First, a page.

United Nations Trust Fund for the Fight against Piracy has approved a US$2 million package of projects for affected nations, including the Maldives.
The aim of the five projects, approved April 30, is to ensure ongoing piracy trials are conducted in a fair and efficient manner and that the human rights, health and safety of individuals suspected of piracy are protected. This includes facilitating the repatriation of detainees suspected of piracy from the Maldives to Somalia.
Other initiatives involve providing support to law enforcement authorities and prosecutors in “front-line States” to investigate illicit financial flows from piracy. Biometrics-based fishermen database systems will also be implemented to support monitoring and surveillance of fisheries resources, while also providing important information to counter-piracy forces. Projects have been approved for Somalia, Djibouti, Ethiopia, Kenya, the Seychelles, and the Maldives.
United Nations Assistant-Secretary-General for Political Affairs Tayé-Brook Zerihoun acknowledged the gains made in controlling piracy, but stressed that the international community “should not be under any illusion that piracy has been conclusively brought under control” during the announcement of the projects in New York.
“The dramatic decline in pirate attacks is clear evidence of years of hard work by United Nations Member States, international and regional organizations, and actors in the shipping industry,” said Zerihoun.
“The international community should continue to support the efforts of Somalia and States in the region to strengthen their maritime law enforcement capacities and their rule of law sector.
“With the Trust Fund’s resources largely spent, now is the time to replenish the Fund to bridge critical gaps in counter-piracy efforts,” he added.
The United Nations Trust Fund for the Fight against Piracy was established in 2010 and have received approximately US$17 million in contributions from member states and the maritime industry. The funds have been used for 31 projects, totalling approximately US$16 million, and “short-term needs related to unforeseen expenditures”.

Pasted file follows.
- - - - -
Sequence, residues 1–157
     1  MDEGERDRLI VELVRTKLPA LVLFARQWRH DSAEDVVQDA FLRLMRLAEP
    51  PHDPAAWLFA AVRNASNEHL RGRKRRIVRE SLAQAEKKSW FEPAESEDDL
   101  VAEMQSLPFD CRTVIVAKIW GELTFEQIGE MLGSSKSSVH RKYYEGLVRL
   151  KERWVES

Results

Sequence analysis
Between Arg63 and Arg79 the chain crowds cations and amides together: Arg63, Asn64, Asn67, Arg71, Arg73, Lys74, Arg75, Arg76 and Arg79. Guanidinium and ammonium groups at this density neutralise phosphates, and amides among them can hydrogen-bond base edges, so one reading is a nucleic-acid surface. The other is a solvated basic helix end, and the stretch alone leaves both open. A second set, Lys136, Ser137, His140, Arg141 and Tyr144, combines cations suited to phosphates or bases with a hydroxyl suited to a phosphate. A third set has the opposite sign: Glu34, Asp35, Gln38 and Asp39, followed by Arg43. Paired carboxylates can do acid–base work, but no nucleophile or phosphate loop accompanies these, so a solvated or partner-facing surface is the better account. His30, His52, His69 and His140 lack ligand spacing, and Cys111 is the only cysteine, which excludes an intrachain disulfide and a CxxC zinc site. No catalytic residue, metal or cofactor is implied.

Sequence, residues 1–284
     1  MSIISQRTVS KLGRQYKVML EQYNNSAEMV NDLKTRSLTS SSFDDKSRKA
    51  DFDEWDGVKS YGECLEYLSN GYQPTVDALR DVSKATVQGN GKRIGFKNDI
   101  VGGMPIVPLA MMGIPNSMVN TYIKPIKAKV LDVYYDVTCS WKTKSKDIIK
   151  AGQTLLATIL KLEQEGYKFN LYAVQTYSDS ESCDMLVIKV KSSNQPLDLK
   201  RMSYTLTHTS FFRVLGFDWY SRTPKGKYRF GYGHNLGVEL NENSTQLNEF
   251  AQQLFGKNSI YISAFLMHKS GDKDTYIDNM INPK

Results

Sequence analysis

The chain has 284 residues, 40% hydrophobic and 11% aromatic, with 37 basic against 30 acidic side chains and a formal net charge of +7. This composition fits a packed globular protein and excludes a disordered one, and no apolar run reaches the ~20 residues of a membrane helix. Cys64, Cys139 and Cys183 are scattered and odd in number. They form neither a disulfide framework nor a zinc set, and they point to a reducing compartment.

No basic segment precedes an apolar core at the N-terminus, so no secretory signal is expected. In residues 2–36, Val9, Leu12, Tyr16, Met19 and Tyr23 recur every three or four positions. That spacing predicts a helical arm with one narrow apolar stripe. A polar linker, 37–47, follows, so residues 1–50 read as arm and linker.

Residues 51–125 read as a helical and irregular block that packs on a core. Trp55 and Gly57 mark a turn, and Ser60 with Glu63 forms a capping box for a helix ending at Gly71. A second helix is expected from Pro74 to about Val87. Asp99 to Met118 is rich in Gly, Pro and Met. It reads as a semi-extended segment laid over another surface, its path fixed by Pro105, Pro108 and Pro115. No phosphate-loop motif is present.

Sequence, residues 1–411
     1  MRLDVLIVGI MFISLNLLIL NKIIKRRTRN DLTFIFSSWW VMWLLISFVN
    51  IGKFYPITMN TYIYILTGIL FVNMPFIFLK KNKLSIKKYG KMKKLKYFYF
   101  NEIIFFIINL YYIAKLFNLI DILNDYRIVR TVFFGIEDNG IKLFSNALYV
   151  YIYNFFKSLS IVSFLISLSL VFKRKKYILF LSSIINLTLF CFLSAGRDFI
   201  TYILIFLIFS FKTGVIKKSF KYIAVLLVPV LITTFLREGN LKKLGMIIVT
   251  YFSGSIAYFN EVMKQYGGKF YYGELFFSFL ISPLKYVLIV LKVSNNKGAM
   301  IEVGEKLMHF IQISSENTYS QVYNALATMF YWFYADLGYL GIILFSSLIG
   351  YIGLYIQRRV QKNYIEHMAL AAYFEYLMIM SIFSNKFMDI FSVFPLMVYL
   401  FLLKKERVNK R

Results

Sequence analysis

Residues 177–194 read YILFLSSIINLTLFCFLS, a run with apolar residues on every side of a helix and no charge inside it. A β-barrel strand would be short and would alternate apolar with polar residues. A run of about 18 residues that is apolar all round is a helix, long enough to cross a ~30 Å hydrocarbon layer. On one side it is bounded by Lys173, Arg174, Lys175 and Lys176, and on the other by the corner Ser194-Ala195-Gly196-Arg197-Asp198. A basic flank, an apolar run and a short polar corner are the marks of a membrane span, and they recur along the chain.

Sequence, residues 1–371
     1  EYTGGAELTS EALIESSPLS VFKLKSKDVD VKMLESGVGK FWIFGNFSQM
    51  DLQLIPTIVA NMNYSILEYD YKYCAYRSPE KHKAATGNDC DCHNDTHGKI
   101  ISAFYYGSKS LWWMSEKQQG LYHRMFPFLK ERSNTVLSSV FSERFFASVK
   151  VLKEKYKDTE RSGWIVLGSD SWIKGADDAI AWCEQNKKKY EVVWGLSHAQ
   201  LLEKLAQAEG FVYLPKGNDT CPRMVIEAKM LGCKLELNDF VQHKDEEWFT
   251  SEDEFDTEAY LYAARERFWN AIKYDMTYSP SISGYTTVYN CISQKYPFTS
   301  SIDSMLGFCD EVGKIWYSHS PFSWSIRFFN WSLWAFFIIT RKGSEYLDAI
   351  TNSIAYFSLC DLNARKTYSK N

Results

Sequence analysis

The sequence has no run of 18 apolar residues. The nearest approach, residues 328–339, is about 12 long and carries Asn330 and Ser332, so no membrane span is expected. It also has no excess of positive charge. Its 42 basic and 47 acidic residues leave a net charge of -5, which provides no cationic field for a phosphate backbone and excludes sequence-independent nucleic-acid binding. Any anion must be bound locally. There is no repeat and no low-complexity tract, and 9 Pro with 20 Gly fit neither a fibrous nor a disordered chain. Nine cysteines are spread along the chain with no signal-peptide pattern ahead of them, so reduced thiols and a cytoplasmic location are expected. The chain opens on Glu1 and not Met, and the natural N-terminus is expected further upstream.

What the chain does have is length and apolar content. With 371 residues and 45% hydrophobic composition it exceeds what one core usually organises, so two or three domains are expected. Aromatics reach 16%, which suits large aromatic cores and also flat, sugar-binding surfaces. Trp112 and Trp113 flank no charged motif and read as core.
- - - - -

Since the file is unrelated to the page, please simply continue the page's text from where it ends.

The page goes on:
The purpose of the trust fund is to “defray expenses” associated with prosecuting suspected pirates and undertaking other activities to fight piracy.
The trust fund’s Board is comprised of 10 voting member States – Germany, Italy, Kenya, Republic of Korea, Norway, Qatar, Seychelles, Somalia, Turkey, and the United Kingdom – and three non-voting entities, the International Maritime Organization (IMO), the United Nations Office on Drugs and Crime (UNODC), and the United Nations Political Office for Somalia (UNPOS).
The Maldives is situated at a strategic intersection of sea trade routes, and a significant amount of global maritime traffic passes through or near the country’s northern atolls.
Due to increasing pirate attacks in the Indian Ocean and the frequent encounters with Somali castaways in Maldivian territory, maritime experts have speculated that the piracy threat is growing in Maldives.
“We are very concerned about piracy in the Maldives since we are located in the Indian Ocean, one of the major areas [at risk],” Foreign Ministry Spokesperson Ibrahim Muaz Ali told Minivan News today (May 6).
“The Maldives has already raised these issues with international organisations and international media,” he added.
Ali confirmed that although recent joint military exercises with neighboring SAARC countries, such as India and Pakistan, were not solely for anti-piracy purposes, that issue was included.
“We are seeking protection [from pirate attacks] from SAARC countries,” said Ali.
In an effort to address the growing threat of piracy and rising concerns over the security within Maldivian territorial waters and the wider Indian Ocean, the Government proposed an anti-Piracy bill in January 2013.
The stated purpose of the bill is to establish a legal framework to deal with piracy within the territorial waters of the Maldives amidst concerns at the growing risk of maritime crime in the Indian Ocean over the last few years.
The bill also seeks to outline legal procedures to deal with individuals suspected of committing acts of piracy within Maldivian territorial waters, give that such procedures do not presently exist in the country’s legal system.
The Maldives experienced the first confirmed case of piracy within its waters back in March 2012, when a Bolivian-flagged vessel headed for Iran was hijacked by Somali pirates. The vessel was released a few days later.
The Maldives’ government first expressed concern over the growing piracy threat in 2010 after small vessels containing Somali nationals began washing up on local islands.
In March 2012, 40 Somali castaways in the custody of Maldives authorities refused to return home despite arrangements that were made for their safe repatriation.
“Some of the Somali refugees are not in the Maldives. I can’t say exactly how many have been repatriated. The process has been ongoing. The Home Ministry and so many others are involved,” explained Ali.
In January 2012, an American luxury passenger line en route to the Seychelles was stranded in the Maldivian waters due to an alleged “piracy risk”, while the passengers departed to the Seychelles through airline flights.